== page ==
- Anyone who’s lived in another country knows what it’s like to miss products that are only available in your home country.
- I’m American, and two years ago I moved to the United Kingdom to live with my British partner.
- Here are some of the American products I miss the most while living in the UK.
Anyone who’s lived in another country knows what it’s like to miss products that are only available in your home country.
That’s what I’m experiencing now. I’m American, and two years ago I moved to the United Kingdom to live with my British partner full time.
I’d spent plenty of time in England before I moved there, so I was familiar with the country’s culture, its landscape, and even its grocery stores. The first few times around, there was nothing from the States I missed too much, especially because I knew I’d soon be going back to my New York City apartment and anything I wanted would soon be readily available again.
However, now that I’ve lived in England for two years, there are some American products that I get seriously nostalgic for – snacks, toiletries, even medicine you can only get in America. Sure, I could have friends and family still in the US send some over, but it’s not quite the same as before.
Here are some of the American products I miss the most while living in the UK.
Bounce fabric softener sheets
America is pretty big on tumble dryers, and while they do exist here, they’re much less popular than they are stateside. Instead, the UK tends to opt for washer/dryer combos that utilise steam to (somewhat inefficiently) dry your clothes, or they use clothes horses to hang out damp goods and wait – sometimes even for days – for items to dry naturally.
It’s a bit of a pain, to be honest. Back in New York, I used to throw in a couple of sheets of Bounce fabric softener into the dryer with my wet clothes and voila! Thirty minutes or so later, they’d be dry and static-free. Not so much the case over here.
Little Debbie snack cakes
Talk to any American expat living abroad and they will likely tell you they miss Little Debbies, even if they didn’t even really eat them while living in the US. Perhaps it’s purely a nostalgic thing, but the absence of those little delicious snack cakes – Swiss Rolls, Nutty Bars, Oatmeal Cream Pies, and Zebra Cakes, in particular – makes me probably a little sadder than it should.
Aleve, the brand name for the pain reliever naproxen sodium, is readily available over the counter in pretty much every American pharmacy. It’s saved my bacon on multiple occasions, like when I had to wait several days for a root canal and when I threw my back out.
However, in the UK, it’s only available by prescription. While I don’t often take painkillers and save them for emergency purposes only, this is why whenever I go back to the States for a visit, I always stock up just in case.
The UK has plenty of toothpaste despite the bad teeth stereotypes – and there are even some recognisable American brands like Aquafresh and Colgate. However, Crest has never made it over here, which is a crying shame.
The Crest toothpaste with baking soda and peroxide is pretty much my favourite toothpaste ever, so not being able to get it here is a shame. I’m not sure if some of the ingredients are prohibited or Crest just never had the desire to expand overseas, but I miss this stuff and need to pick up a few tubes on my next trip back.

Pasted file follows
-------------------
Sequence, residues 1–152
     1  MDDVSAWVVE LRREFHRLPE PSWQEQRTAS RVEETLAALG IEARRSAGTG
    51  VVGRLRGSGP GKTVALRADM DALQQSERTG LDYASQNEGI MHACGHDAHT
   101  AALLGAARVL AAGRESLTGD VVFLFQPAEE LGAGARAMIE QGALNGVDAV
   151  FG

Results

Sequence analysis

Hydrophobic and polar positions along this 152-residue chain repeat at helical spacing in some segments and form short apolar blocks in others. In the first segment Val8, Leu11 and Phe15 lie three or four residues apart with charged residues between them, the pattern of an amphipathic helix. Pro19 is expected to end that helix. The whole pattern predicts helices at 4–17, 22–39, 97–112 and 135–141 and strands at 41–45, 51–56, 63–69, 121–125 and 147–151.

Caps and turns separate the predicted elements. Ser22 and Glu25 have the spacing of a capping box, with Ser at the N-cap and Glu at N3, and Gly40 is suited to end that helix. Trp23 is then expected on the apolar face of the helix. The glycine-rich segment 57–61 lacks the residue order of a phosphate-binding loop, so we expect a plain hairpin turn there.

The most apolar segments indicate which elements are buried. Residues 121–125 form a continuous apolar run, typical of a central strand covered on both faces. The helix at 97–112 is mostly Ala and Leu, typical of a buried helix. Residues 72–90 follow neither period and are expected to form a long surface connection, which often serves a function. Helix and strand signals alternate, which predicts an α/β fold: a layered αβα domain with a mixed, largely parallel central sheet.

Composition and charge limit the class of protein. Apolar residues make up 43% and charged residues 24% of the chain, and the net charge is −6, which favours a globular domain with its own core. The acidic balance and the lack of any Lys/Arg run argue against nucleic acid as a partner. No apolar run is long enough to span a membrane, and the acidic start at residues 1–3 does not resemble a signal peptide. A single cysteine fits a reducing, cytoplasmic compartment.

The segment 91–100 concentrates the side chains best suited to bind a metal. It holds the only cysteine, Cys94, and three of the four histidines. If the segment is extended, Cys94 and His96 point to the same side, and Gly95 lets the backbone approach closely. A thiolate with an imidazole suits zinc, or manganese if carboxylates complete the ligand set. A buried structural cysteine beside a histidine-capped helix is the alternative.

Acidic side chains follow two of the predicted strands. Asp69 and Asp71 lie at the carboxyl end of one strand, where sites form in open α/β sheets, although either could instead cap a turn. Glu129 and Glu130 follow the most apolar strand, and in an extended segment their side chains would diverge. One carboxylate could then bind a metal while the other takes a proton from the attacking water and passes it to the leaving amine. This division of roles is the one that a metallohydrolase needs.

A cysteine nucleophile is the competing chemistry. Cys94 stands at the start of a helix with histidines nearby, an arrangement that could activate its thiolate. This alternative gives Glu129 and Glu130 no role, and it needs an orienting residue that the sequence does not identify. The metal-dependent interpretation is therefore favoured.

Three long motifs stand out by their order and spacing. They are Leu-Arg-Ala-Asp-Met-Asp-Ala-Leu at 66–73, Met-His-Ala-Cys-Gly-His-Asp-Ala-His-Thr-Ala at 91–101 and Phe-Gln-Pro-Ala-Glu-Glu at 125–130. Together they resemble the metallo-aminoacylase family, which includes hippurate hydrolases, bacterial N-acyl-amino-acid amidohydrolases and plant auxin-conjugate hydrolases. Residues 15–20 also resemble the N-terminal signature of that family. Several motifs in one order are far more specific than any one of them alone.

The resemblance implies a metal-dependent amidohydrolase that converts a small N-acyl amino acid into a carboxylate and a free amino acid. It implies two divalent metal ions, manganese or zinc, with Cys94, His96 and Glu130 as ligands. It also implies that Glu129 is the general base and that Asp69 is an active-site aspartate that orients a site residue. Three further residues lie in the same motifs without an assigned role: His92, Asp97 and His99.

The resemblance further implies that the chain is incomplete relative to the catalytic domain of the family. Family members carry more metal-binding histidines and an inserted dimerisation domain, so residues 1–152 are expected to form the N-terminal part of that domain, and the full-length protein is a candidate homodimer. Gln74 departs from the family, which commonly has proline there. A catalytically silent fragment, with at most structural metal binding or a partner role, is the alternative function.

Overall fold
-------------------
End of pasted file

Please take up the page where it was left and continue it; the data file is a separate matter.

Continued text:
Again, there’s no shortage of soap in the UK, even really good soap. However, if you’re a purist like me, the fact that Ivory isn’t sold here is a serious shame.
I’ve even been known to be so desperate for a bar of the 99% pure stuff that I’ve paid an exorbitant amount on Amazon for imported bars to be delivered to me. It smells amazing, it leaves my skin feeling great, and it even floats. What more can you want from soap?
LaCroix sparkling water
Again, this is something that’s available at a serious premium via American import sites in the UK, but why it’s not sold on supermarket shelves is beyond me. Admittedly, the UK is a bit behind the curve when it comes to flavored (but unsweetened) seltzers and sparkling waters.
Perrier and Pellegrino are easy enough to get a hold off, but the natural, sweetener-free stuff like LaCroix is only beginning to be seen as desirable, and the smaller brands which have launched a similar product pale in comparison to LaCroix in taste, price, and flavour selection.
I don’t know that I ate that many saltines when I lived in America, but I do know that they’re delicious and aren’t sold here even though they should be.
Again, the UK has plenty of crackers, many of which are really tasty even, but the closest thing to a saltine sold here is called a cream cracker, and it lacks the salty crumbliness of an American saltine.
Dunkin’ iced coffee
Admittedly, Dunkin’ coffee is not all that stellar. In fact, I can think of many small American roasters that are way better.
However, as a New Yorker whose apartment was literally down the block from a Dunkin’ for years before moving, their Iced Turbos (iced coffee with an extra shot of espresso) were a part of my daily ritual that I really miss.
The coffee was hardly strong and the service at my local branch was always appallingly slow, but I can’t say I don’t miss it.
Everything from Trader Joe’s
I don’t think I need to say anything else about this. Trader Joe’s is a godsend and it would make millions from American expats alone if they’d just expand to the UK. Pretty please?
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